Arseny Avraamov. Hooter symphony, 1923
Arseny Avraamov conducts Hooter symphony. 1923The Charnel-House
Arseny Avraamov had nearly the same significance for the Soviet music as Dziga Vertov had for cinematography. He was a composer, an inventor and an ideologist of music and called himself Revarsavr, which meant revolutionary Arseny Avraamov.
After learning from Sergei Taneyev, a composer, Avraamov decided to reform the even-tempered music, suggesting to replace it with “continuous tone row”, which enabled to describe any folk-song modalities not fitting into narrow bounds of the 12-tone system. His desire to change the traditional musical system was so great that he approached the People's Commissar of Education, Anatoly Lunacharsky, with a project on burning all grand pianos. Instead, he proposed using a new bow instrument - the polychord: unlike traditional keyboard instruments, it would enable the performer to achieve any intonation and variability of sound.
In 1927, Avraamov presented his “universal tone system” in Berlin, Stuttgart and Frankfurt. And his most famous work - "Hooter symphony" - is considered the forerunner of music specific to middle of the twentieth century. In 1922, the hooter symphony, which made the whole city sound - with factory hooters and signals from steamboats, firing guns and roaring airplanes - was introduced in Baku; in 1923, it was performed again in Moscow. Avraamov conducted the city with the help of signal flags, standing on the roof.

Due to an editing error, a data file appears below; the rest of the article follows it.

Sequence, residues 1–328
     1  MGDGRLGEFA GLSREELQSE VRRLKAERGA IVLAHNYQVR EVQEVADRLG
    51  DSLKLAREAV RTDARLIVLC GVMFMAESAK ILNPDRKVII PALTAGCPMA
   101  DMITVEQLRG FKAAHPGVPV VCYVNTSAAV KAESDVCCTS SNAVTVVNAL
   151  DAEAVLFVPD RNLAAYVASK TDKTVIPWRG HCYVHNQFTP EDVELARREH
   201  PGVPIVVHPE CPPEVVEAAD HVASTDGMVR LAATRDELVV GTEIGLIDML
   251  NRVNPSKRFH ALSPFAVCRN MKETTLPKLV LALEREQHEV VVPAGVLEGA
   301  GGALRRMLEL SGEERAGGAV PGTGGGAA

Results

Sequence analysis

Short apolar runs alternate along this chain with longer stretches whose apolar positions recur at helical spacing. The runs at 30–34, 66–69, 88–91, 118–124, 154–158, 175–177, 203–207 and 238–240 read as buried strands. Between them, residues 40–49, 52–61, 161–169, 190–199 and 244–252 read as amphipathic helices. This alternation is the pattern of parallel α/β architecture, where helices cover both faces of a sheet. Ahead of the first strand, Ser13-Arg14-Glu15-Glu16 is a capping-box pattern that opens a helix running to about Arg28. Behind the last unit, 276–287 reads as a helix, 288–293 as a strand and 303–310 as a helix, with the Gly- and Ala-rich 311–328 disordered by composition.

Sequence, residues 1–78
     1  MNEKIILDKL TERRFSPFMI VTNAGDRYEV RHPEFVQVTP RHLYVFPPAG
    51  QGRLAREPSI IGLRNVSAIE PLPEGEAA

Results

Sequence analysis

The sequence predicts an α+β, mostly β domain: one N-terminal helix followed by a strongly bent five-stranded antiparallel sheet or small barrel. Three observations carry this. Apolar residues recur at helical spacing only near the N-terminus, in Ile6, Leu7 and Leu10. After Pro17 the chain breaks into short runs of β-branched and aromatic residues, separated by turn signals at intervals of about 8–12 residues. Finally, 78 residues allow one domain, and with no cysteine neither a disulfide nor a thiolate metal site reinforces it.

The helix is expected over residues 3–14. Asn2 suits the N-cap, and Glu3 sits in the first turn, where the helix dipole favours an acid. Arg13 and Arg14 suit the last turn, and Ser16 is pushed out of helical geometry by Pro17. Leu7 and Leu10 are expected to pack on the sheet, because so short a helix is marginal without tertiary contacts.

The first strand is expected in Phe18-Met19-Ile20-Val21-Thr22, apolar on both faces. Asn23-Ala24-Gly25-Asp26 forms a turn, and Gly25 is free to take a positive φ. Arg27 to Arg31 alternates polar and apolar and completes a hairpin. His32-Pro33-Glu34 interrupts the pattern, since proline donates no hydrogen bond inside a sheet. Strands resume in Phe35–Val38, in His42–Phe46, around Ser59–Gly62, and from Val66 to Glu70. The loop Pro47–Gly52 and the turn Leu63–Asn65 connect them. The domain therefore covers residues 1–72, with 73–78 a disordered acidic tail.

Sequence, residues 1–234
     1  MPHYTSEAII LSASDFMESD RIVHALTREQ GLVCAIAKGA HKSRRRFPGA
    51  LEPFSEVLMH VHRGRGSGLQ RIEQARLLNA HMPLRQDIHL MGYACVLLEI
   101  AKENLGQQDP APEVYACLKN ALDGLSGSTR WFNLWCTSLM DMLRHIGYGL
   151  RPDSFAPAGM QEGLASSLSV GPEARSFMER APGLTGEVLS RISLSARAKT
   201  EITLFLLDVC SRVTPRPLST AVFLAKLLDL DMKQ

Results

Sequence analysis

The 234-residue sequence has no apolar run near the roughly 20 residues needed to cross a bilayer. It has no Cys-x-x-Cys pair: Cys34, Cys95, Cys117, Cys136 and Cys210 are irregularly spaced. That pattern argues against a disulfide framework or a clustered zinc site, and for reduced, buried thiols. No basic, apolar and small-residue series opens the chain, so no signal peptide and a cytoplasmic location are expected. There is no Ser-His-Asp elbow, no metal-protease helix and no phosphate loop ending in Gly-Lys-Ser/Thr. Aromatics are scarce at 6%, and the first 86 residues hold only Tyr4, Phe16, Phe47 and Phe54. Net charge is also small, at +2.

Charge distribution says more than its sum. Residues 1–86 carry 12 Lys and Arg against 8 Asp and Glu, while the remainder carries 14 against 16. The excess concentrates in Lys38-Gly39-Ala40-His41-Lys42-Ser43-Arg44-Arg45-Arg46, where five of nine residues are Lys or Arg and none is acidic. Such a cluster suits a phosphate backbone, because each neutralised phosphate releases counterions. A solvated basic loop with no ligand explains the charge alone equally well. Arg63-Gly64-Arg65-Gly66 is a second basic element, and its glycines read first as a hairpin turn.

In the late 1920s, Avraamov was busy in the area of music electrification; he participated in experiments of Léon Theremin, an inventor; and they together presented a thereminvox at the musical exhibition in Frankfurt in 1927. In the 1930s – 40s, Avraamov studied folklore of the North Caucasus, led the Russian folk choir, and lived in poverty on the outskirts of Moscow.
In 1944, after walking through the entire city (he had no money for a tram ticket), he died of fatigue and malnutrition.
Georgy Krutikov and Flying Cities
Labour commune Residential complex. “Flying City”, design by Georgy Krutikov. 1928 The Charnel-House
Since his childhood Georgy Krutikov, an architect, was fascinated by two things - painting and aeronautics. Entering the VKhUTEMAS (the State Art and Technical School) in 1922, he joined the Faculty of Architecture led by Nikolai Ladovsky and studied there forms in motions. Back then transformable architecture fascinated many architects and artists of avant-garde: Lazar Khidekel designed aero cities, Anton Lavinsky - cities on springs, Alexander Rodchenko - cities with an upper facade that could be observed while flying in the sky, Victor Kalmykov - a city hanging over the equator ("Saturniy").
In 1928 Krutikov’s graduation project called “Flying City” became a sensation. The architect proposed to free the earth from buildings, transferring all life to a parabolic satellite town, hovering in space above the ground-based industrial (factory) section, designed in the form of a spiral. The flying city consisted of many tiers with motionlessly suspended houses of various types: communes with enclosed balconies to park flying capsules and a ring-shaped public use area, eight-floor communes with a sphere - a public use area and, finally, hotel apartments. Krutikov assigned an enormous role to transportation: city dwellers moved around the city with capsules, which were controlled by manual manipulation within electromagnetic field.